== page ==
Sep 27, 2012 --- The iPhone 5 attracted
more than two million buyers last Friday, but how many of its dazzling new
features will they actually use? ---
There’s a lot to love
about the iPhone 5, including a larger screen and a new operating system with
some 200 additional features. But many who stood in line and plunked down big
bucks for Apple's cutting-edge gadget may be more interested in having the
features than using them.
Once the novelty wears
off, will those consumers still enjoy their purchase?
It depends on why they
bought the phone, says Joseph K. Goodman, an assistant professor of marketing at
Olin Business School at Washington University in St. Louis. In several studies,
Goodman found that consumers fail to accurately estimate their feature usage
rate before buying products with multiple functions, which dampens enthusiasm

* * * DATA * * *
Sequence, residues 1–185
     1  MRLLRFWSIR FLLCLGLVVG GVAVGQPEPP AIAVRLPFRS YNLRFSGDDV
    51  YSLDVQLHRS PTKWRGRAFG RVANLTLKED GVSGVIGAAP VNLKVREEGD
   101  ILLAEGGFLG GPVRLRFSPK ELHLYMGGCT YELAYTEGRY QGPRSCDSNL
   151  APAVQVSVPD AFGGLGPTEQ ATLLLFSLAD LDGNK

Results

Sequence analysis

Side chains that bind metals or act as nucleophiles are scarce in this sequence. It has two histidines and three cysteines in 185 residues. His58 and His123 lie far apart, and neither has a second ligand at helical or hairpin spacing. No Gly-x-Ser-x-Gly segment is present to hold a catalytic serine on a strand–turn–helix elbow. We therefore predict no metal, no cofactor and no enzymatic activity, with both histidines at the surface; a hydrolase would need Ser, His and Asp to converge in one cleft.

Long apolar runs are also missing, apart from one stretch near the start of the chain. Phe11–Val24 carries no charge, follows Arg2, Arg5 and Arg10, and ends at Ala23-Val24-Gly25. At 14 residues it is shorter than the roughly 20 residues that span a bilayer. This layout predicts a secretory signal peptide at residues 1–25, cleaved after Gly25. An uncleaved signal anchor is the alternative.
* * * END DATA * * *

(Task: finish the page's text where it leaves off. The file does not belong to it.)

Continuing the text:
for the product.
Consumers focus on having
features rather than assessing how often they will use them, which can lead to
a drop in satisfaction with the purchase, Goodman says.
“Consumers focus too much
on just having the latest features, and don’t spend time elaborating on how
often they will use the features,” Goodman says. “When they do actually
elaborate on usage, then they tend to buy lower featured products and they tend
to be more satisfied with their purchase, regardless of whether they buy a high
or low feature product.”
The study’s findings don’t tell people what to
buy, but how to make purchase decisions, Goodman explains. “Consumers should at
least stop and consider how often they are going to use each new additional
feature before they make their decision,” he notes.
The study, “Having Versus
Consuming: Failure to Estimate Usage Frequency Makes Consumers Prefer
Multi-feature Products,” is forthcoming in the Journal of Marketing Research.